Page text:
Haven’t seen Star Wars Episode VIII: The Last Jedi yet? If not, you can’t entirely be blamed, at least if you live in a city that had a ton of advance theater sell-outs. Still, between the $220 million opening weekend and the number of Star Wars fans who frequent Ars, chances are, you found a way to see Rian Johnson’s rapturous, mostly amazing series debut.
For those who haven’t seen the film and still clicked this article’s very descriptive headline, it’s not too late to remain unspoiled; our positive, light-touch review from last week can be found here. Otherwise, I have taken a full week since seeing last week’s early press screening to mull over the film, not to mention a few very excited weekend chats with friends and colleagues. Like other classic Star Wars entries, this one is built for rewatching and talking about with friends and Rebellion allies, so in that spirit, let’s dive into some incredibly spoilerriffic thoughts on The Last Jedi .
Seriously: It’s all spoilers from here on out. You’ve been very, very warned.
For some actors, the force awakens
Finally, the average moviegoer gets to see what modern video gaming fans have known for years: how great of an actor Mark Hamill can be. We had all seen hints when he voiced the Joker in animated form, but the Batman: Arkham gaming series allowed Hamill to cement his Joker portrayal as something dark, deep, and substantial. This experience was all paid forward in Episode VIII , as Hamill had to convince moviegoers of something pretty bonkers: that Luke Skywalker would ever turn his back on the Force and allow a new evil empire to arise in his absence.
This logical leap may very well be what Hamill meant when he spoke to Vanity Fair earlier this year: “I pretty much fundamentally disagree with every choice you’ve made for this character,” he said to the director. Hamill clarified in later interviews that this blunt initial impression softened as he signed on to Johnson’s script and vision, and his Last Jedi performance serves as proof.
Nothing about Hamill’s wizened Skywalker appears phoned-in or throwaway, even though some of his performance’s best moments, from milking a CGI dragon-cow to screwing with Rey’s Force training by tickling her with a feather, shine with a one-take, spur-of-the-moment quality. But Hamill gets a lot of time to build his character’s emotional fortress. While a lot of quiet, brooding, and burdened moments are worth calling out for their subtlety and impact, Johnson and Hamill’s best collaboration comes from the trifecta of flashbacks to the great betrayal between Skywalker and Ben Solo.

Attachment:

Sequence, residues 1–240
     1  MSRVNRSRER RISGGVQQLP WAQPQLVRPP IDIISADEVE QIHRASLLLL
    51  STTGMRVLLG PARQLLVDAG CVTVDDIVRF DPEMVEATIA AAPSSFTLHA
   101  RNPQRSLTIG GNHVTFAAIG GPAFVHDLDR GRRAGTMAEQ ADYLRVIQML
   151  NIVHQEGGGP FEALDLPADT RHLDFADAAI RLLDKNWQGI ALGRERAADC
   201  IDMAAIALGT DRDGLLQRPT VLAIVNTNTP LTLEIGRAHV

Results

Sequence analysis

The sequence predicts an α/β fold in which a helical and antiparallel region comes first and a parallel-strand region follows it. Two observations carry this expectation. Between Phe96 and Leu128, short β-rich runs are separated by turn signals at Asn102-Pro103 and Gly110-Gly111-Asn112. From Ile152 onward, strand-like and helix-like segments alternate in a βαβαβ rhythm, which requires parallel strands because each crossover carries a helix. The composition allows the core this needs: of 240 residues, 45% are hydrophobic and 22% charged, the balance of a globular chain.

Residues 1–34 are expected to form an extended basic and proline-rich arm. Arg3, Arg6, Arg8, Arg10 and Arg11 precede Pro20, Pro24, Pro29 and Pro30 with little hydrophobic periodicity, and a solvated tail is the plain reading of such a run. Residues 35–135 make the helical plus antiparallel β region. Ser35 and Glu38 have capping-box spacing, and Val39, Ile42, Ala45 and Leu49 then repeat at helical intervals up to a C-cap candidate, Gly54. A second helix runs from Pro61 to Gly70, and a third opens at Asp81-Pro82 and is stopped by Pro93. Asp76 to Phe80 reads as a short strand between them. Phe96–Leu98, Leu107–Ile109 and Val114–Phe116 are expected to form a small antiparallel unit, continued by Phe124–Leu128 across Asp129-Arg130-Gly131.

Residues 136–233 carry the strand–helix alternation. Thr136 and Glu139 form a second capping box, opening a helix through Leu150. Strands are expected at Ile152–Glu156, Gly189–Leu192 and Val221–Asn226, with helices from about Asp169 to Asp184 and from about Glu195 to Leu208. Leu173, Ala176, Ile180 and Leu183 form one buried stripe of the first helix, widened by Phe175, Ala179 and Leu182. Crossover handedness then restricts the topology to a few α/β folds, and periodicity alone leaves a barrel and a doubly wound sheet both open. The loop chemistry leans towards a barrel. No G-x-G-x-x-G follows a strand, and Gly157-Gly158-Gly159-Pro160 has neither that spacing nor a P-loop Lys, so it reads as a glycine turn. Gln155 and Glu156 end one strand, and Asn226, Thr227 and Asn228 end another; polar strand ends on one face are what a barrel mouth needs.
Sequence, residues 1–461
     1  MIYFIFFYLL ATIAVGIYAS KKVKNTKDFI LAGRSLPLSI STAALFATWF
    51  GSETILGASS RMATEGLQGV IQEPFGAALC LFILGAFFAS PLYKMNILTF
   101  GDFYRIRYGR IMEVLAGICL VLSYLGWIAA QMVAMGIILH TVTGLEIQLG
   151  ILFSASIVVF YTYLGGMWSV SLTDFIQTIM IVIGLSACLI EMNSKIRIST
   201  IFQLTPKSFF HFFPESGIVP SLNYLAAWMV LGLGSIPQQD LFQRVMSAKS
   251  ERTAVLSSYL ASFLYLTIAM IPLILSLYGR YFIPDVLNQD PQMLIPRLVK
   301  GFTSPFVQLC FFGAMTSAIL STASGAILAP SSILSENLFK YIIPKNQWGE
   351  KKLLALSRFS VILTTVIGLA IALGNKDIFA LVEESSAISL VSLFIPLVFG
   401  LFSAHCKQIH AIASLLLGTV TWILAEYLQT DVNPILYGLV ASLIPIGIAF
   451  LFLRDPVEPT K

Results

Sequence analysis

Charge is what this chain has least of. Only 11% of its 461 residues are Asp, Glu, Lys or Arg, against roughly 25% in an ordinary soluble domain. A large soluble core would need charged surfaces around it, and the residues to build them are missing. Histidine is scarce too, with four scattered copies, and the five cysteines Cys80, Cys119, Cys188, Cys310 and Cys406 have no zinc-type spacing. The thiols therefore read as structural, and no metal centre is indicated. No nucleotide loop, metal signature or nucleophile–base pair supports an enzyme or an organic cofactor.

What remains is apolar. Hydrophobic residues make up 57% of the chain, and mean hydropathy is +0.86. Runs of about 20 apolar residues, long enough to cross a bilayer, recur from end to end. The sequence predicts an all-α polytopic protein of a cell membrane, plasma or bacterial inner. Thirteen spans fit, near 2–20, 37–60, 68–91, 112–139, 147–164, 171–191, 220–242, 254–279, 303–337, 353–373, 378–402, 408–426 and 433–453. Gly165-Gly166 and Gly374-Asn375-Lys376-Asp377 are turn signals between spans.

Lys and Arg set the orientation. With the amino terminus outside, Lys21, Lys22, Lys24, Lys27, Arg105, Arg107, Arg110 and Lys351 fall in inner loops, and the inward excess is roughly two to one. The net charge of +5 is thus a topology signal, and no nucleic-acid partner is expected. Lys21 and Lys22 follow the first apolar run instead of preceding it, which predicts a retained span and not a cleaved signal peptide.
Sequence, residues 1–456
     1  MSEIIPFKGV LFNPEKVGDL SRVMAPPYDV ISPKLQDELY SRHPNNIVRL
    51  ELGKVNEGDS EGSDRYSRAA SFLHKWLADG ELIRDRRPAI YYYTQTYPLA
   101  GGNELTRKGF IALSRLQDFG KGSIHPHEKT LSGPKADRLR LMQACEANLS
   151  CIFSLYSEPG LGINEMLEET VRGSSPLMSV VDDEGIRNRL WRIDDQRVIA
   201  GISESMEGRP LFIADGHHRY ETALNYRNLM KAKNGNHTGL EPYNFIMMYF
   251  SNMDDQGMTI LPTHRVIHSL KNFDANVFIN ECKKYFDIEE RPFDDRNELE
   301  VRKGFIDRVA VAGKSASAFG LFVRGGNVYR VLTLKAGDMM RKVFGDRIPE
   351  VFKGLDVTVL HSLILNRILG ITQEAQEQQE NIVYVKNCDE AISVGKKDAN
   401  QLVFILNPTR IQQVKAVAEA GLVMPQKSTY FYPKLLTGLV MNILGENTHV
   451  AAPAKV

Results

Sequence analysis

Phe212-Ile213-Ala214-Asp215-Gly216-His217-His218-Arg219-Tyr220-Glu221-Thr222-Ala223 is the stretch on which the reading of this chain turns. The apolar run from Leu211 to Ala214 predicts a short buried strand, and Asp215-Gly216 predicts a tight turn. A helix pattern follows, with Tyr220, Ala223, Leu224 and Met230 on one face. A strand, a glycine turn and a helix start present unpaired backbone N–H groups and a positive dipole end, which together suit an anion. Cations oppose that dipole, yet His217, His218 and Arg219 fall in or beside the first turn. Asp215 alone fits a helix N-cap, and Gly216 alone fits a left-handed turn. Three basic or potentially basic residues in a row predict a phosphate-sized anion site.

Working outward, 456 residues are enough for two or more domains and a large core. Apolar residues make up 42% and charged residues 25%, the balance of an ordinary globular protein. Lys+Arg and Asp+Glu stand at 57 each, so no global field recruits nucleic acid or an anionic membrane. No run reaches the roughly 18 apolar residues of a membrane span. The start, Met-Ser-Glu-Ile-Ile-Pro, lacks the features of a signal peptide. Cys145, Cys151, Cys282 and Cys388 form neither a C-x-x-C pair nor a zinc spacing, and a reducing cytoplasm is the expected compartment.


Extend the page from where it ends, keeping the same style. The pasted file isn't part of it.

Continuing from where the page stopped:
There’s no understating how clever this he-said, he-said storytelling trick plays out, as it lets different characters react, wonder, and grow over the span of the film. Luke’s initial story is meant to warn Rey of the dark forces she may soon face, which sets up Ben’s compelling, context-changing stab—sold to incredible effect by a spiteful Hamill performance. Once viewers are clued in to the true series of events, they’ve seen all sides of Skywalker’s sadness and regret that have built over the years. In this third and final flashback, a glow of lightsaber in Hamill’s wide, terrified eyes—that moment in which he realizes that even he, legendary Luke Skywalker, isn’t the universe’s perfect pariah—answers the question of his changed motives in ways that an overwrought script never could.
As a result, seeing the apparent conclusion of Luke Skywalker’s Star Wars life proved more fulfilling and satisfying than I could have ever imagined. His self-sacrifice moved the Resistance’s existence forward, but its temporary levity also allowed Luke to say goodbye as the snarky, likable, love-conquers-hate character we as fans originally fell in love with. Seeing that hopeful light flicker one last time was an amazing show-don’t-tell reminder of how, in Star Wars, hope conquers all.